THE DOOM Of THE INCORRIGIBLE SINNER.
PROVERBS xxix. 1. He that being often reproved, hardeneth his neck, shall suddenly be destroyed, and that without remedy.
A Proverb is a system of wisdom in miniature: it is a pertinent, striking observation, expressed in a few words, that it may be the more easily remembered; and often in metaphorical language, that it may be the more entertaining. A collection of proverbs has no connection, but consists of short, independent sentences, each of which makes full sense in itself; and therefore, in explaining them, there is no need of explaining the context; but we may select any particular sentence, and consider it separately by itself.
Such a collection of wise sayings is that book of the sacred scriptures, which we call the Proverbs of Solomon. .Wise men in all ages, and in all languages, have often cast their observations into the concise significant forms of proverbs ; but the sages of antiquity, especially, were fond of this method of instruction, and left legacies of wisdom to posterity, wrapt up in a proverbial dress ; many of which, particularly of the Greek philosophers, are extant to this day. Solomon chose this method of recording and communicating his wise observations as most agreeable to the taste of the age in which he lived. The sacred memoirs of his life inform us, that he sfiake three thousand fixoverbs. 1 Kings iv. 32. Of these the most important and useful were selected jrobably by himself, and afterwards by the men of Hezekiah > that is, by persons appointed by Hczekiah to copy them off; and they are conveyed down to all ages in this cabinet of precious jewels, the Book of Proverbs.
Among the many significant and weighty sayings of this wisest of men, the solemn monitory proverb in my text deserves peculiar regard: He that being often refiroved, hardeneth his neck, thai! suddenly be destroyed, and that without remedy.*
The request of a friend, and my fear-, that this proverb may have a dreadful accomplishment upon some of my hearers, have induced me to make it the subject of your meditations for the present hour. And O! that the event may shew I was divinely directed in the choice!
This proverb may be accommodated to all the affairs of life. In whatever course a man blunders on, headstrong, and regardless of advice and admonition, whether in domestic affairs, in trade, in politics, in war, or whatever it be he pursues by wrong measures with incorrigible obstinacy, it will ruin him at last, as far as the matter is capable of working his ruin. To follow the conduct of our own folly, and refuse the advantage we might receive from the wisdom of others, discovers an uncreaturely pride and self-sufficiency; and the career of such a pursuit, whatever be the object, will always end in disappointment and confusion. In this extent perhaps, this adage was intended by Solomon, who was a good economist and politician, and well skilled in the affairs of common life, as well as those of religion.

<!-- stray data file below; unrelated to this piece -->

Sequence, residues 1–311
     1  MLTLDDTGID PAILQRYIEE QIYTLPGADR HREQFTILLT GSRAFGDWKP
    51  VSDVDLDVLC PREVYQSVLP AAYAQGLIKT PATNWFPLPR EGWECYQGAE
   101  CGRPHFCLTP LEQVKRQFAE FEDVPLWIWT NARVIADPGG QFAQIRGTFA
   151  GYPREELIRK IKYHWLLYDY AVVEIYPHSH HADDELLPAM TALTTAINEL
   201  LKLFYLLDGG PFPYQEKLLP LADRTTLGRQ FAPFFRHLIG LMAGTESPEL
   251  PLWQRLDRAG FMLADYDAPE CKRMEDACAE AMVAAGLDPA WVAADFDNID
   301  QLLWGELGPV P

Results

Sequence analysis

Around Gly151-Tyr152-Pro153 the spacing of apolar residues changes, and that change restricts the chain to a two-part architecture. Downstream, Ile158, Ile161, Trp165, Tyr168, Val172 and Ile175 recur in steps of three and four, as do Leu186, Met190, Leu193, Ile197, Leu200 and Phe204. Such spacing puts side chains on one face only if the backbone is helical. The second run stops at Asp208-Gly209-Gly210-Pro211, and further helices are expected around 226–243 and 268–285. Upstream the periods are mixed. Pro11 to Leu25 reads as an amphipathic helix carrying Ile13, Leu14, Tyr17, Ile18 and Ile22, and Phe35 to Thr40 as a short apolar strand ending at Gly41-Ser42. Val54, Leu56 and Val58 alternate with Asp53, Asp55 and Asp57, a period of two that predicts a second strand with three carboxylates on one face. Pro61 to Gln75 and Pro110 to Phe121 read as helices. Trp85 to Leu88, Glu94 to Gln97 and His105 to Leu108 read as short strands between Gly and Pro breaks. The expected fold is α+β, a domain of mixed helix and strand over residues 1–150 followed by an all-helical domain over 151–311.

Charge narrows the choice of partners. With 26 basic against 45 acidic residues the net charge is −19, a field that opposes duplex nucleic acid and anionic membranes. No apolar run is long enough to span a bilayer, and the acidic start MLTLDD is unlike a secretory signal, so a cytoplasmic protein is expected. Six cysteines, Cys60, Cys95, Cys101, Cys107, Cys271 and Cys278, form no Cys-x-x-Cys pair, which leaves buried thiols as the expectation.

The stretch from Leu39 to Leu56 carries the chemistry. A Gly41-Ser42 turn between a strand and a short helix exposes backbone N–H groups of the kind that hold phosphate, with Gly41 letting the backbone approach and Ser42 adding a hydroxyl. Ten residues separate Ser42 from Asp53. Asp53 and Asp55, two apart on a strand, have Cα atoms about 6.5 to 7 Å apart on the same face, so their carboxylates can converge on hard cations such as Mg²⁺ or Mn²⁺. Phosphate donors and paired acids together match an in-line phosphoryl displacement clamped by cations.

But he undoubtedly intended it should be principally referred to matters of religion. It is especially in these matters it holds true in the highest sense; that he that being often refiroved, hardeneth himself, shall suddenly be destroyed, and that without remedy.
He that being often refiroved—This is undoubtedly our character. We in this congregation have been often reproved, and that in various forms, and by various monitors. We have been reproved from heaven and earth, by God, nv-n and our own consciences ; and, I might add, by the irrational creation, and even by infernal spirits.
• He that being often reproved—This in the original, is aman of reproof).■ and it may either signify as our translators understand it, " a man often reproved;" or it may mean, "a man often reproving ;" that is, a man that often reproves others, if he harden his own neck, while he pretends a great zeal to reduce others under the yoke of obedience, he shall suddenly be destroyed, Sec. But the first sense appears more pertinent and natural, and therefore in that view I only consider it.